INGOs Call for Repeal of Burma's Citizenship Law
By The Irrawaddy 9 July 2012
A coalition of 31 international NGOs, including many top Burma lobbyists and funders, issued a statement on Monday calling for the repeal of the country’s Citizenship Law.
The INGOs said the 1982 law, which was issued during the reign of former dictator Gen. Ne Win, is “not compatible with the Universal Declaration of Human Rights or with Burma’s legal obligations under international treaties.” In addition, the group said, “it arbitrarily stripped many people in Burma of the right to citizenship.”
Though not mentioning the Rohingya community by name, the statement is clearly intended to voice support for the Rohingyas’ call to be granted status in Burma, and an end to discriminatory social and legal practices against the ethnic group, which many Burmese view as illegal Bengali immigrants.
Under Burma’s current law, 135 ethnic groups are identified as eligible for citizenship, including the main nationalities—Burman, Rakhine, Chin, Shan, Karen, Mon and Karenni. Chapter II, article 3, of the Citizenship Law states that only these groups and others that settled in Burma before 1823 are entitled to Burmese citizenship.
1823 marks the year when the First Anglo-Burmese War broke out, a conflict that the British won and thereafter assumed control of the country. The British colonialists brought with them soldiers and staff from India, including members of the Muslim Bengali community who mostly settled in Arakan State.
A new citizenship law was introduced in 1948 at the time Burma won independence. Under Article 4 (II), “Any person descended from ancestors who for two generations at least have all made any of the territories included within the Union their permanent home and whose parents and himself were born in any of such territories shall be deemed to be a citizen of the Union.”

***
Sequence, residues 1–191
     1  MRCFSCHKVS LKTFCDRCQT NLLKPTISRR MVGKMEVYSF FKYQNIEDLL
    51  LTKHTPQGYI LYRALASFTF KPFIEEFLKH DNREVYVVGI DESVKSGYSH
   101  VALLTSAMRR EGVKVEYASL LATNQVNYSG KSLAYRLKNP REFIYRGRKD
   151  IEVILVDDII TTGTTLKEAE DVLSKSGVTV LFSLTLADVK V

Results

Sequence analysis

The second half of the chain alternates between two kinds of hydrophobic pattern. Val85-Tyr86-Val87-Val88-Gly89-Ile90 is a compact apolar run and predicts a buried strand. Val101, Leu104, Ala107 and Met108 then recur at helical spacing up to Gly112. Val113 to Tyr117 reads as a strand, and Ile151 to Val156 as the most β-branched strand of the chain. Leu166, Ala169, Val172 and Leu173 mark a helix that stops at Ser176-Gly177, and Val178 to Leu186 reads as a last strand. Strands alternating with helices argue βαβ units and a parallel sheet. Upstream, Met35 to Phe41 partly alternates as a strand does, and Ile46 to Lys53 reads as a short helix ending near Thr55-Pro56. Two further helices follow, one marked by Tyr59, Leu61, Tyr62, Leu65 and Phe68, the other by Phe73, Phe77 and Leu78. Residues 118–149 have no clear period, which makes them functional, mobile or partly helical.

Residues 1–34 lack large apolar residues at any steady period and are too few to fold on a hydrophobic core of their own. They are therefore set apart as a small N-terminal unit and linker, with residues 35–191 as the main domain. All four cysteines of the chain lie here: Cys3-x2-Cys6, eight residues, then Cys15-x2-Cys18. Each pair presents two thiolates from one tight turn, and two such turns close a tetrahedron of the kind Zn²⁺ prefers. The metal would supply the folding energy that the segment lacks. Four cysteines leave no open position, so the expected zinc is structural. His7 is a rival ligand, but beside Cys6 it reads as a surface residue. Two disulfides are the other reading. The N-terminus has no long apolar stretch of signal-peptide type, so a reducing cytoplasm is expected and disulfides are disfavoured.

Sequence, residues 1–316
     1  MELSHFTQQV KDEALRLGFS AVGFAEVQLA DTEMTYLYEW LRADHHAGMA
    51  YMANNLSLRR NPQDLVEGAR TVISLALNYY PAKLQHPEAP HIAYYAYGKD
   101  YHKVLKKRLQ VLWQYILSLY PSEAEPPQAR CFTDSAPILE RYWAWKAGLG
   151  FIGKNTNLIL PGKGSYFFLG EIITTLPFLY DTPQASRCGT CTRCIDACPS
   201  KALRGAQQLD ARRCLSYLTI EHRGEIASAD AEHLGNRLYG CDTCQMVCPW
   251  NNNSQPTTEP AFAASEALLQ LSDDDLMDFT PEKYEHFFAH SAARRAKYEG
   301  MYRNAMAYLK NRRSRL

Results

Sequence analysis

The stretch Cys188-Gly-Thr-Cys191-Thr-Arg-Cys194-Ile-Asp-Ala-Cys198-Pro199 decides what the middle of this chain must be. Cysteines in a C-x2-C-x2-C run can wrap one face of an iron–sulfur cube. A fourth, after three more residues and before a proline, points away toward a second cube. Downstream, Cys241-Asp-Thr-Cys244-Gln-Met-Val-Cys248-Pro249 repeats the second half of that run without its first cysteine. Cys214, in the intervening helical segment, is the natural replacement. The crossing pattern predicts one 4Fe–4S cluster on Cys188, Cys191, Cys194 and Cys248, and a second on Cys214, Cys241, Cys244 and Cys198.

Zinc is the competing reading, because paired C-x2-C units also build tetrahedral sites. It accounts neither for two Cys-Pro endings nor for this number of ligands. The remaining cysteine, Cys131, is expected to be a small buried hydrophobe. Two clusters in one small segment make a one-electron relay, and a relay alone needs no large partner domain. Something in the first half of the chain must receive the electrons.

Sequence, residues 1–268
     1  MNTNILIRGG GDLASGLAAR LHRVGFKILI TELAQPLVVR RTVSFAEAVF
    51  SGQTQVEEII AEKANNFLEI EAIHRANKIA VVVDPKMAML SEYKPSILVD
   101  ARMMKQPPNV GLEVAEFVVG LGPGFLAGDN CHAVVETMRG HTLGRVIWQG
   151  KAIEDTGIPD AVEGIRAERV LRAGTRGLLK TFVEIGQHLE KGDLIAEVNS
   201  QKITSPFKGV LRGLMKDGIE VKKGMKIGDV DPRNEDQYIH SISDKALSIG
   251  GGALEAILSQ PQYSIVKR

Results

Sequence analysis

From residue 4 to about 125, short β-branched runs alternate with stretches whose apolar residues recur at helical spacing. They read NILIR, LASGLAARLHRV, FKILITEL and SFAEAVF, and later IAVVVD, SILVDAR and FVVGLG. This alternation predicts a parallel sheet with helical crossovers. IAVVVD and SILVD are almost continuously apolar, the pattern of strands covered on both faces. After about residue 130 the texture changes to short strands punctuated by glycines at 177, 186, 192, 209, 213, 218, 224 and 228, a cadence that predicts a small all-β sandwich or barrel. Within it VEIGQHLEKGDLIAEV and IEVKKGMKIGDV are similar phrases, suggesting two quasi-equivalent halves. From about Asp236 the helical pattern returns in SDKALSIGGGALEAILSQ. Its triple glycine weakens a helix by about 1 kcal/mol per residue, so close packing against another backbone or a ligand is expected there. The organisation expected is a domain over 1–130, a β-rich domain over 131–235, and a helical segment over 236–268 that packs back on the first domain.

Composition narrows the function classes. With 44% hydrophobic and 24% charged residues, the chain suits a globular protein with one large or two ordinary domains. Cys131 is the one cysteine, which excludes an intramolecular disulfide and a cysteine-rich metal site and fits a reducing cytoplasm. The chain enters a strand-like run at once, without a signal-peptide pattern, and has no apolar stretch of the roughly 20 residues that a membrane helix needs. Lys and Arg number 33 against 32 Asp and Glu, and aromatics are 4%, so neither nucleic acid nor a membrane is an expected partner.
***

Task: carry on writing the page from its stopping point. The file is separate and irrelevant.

Though no specific mention is made of the Bengalis, or “Rohingyas” as the community grew to call themselves, the 1948 law would appear to have granted early Bengali settlers the right to citizenship, though this was firmly overturned by the military-drafted 1982 law.
Denied legal status in Burma, and burdened with draconian restrictions on travel, marriage and even reproduction, many Rohingyas have attempted to return to what is now Bangladesh only to be rejected by that country too. In effect, the 2 million or so Rohingya are “stateless,” though most live in Arakan State, Bangladesh or India, and are regarded by the UN as one of the most maltreated peoples on the planet.
Monday’s statement said the current citizenship law “should be repealed, and replaced with a new law founded on basic principles of human rights.”
The 31 INGOs said that any new law “should honour equality and non-discrimination, and help create an inclusive and tolerant Burma.” It called on Naypyidaw to comply with its obligations under the United Nations Convention of the Rights of the Child and the Universal Declaration of Human Rights.
Signatories to the statement included Burma Campaign UK, George Soros’ Open Society Foundations, US Campaign for Burma, Chin Human Rights Organization, Norwegian Burma Committee, Altsean-Burma, Forum for Democracy in Burma, and Christian Solidarity Worldwide.
But not all Burma campaign groups agreed with the statement. Canadian Friends of Burma (CFOB) executive director Tin Maung Htoo accused the coalition of “acting like an international arm for Rohingya propaganda manufacturing machine” and stated that CFOB would not be associated with the campaign.